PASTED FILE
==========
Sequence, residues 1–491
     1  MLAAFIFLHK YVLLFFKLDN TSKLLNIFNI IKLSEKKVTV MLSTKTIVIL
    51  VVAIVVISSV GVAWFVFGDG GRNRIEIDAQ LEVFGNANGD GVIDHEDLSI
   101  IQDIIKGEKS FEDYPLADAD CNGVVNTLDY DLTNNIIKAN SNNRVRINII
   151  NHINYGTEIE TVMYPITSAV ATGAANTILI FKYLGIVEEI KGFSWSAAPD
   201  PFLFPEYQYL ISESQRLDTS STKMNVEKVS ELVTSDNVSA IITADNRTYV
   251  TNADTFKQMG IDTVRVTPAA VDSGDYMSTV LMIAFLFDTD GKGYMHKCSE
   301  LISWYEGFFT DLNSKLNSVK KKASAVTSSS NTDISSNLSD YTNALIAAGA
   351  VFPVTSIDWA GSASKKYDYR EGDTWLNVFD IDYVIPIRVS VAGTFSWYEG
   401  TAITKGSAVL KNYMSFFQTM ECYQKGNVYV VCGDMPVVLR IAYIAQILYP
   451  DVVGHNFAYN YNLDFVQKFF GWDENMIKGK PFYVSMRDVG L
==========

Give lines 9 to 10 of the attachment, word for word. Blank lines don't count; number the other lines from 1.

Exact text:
   351  VFPVTSIDWA GSASKKYDYR EGDTWLNVFD IDYVIPIRVS VAGTFSWYEG
   401  TAITKGSAVL KNYMSFFQTM ECYQKGNVYV VCGDMPVVLR IAYIAQILYP